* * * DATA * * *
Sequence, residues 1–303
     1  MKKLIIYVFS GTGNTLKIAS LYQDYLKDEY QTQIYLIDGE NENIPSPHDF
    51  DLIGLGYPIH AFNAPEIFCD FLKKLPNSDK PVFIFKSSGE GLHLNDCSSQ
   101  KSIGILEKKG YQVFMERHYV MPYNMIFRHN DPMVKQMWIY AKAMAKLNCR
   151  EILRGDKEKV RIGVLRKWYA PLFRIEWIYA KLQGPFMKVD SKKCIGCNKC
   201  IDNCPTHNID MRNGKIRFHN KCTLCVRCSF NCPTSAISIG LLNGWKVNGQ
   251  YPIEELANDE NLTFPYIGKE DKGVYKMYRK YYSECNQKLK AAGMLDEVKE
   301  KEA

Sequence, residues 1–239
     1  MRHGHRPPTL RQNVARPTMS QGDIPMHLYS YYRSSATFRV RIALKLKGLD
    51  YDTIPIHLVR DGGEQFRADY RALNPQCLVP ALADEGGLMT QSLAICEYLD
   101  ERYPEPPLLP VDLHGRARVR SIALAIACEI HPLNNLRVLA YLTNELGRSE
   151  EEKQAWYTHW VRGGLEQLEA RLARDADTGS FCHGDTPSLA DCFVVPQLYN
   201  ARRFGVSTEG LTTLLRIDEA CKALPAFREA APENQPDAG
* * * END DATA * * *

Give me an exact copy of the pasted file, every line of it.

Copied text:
Sequence, residues 1–303
     1  MKKLIIYVFS GTGNTLKIAS LYQDYLKDEY QTQIYLIDGE NENIPSPHDF
    51  DLIGLGYPIH AFNAPEIFCD FLKKLPNSDK PVFIFKSSGE GLHLNDCSSQ
   101  KSIGILEKKG YQVFMERHYV MPYNMIFRHN DPMVKQMWIY AKAMAKLNCR
   151  EILRGDKEKV RIGVLRKWYA PLFRIEWIYA KLQGPFMKVD SKKCIGCNKC
   201  IDNCPTHNID MRNGKIRFHN KCTLCVRCSF NCPTSAISIG LLNGWKVNGQ
   251  YPIEELANDE NLTFPYIGKE DKGVYKMYRK YYSECNQKLK AAGMLDEVKE
   301  KEA

Sequence, residues 1–239
     1  MRHGHRPPTL RQNVARPTMS QGDIPMHLYS YYRSSATFRV RIALKLKGLD
    51  YDTIPIHLVR DGGEQFRADY RALNPQCLVP ALADEGGLMT QSLAICEYLD
   101  ERYPEPPLLP VDLHGRARVR SIALAIACEI HPLNNLRVLA YLTNELGRSE
   151  EEKQAWYTHW VRGGLEQLEA RLARDADTGS FCHGDTPSLA DCFVVPQLYN
   201  ARRFGVSTEG LTTLLRIDEA CKALPAFREA APENQPDAG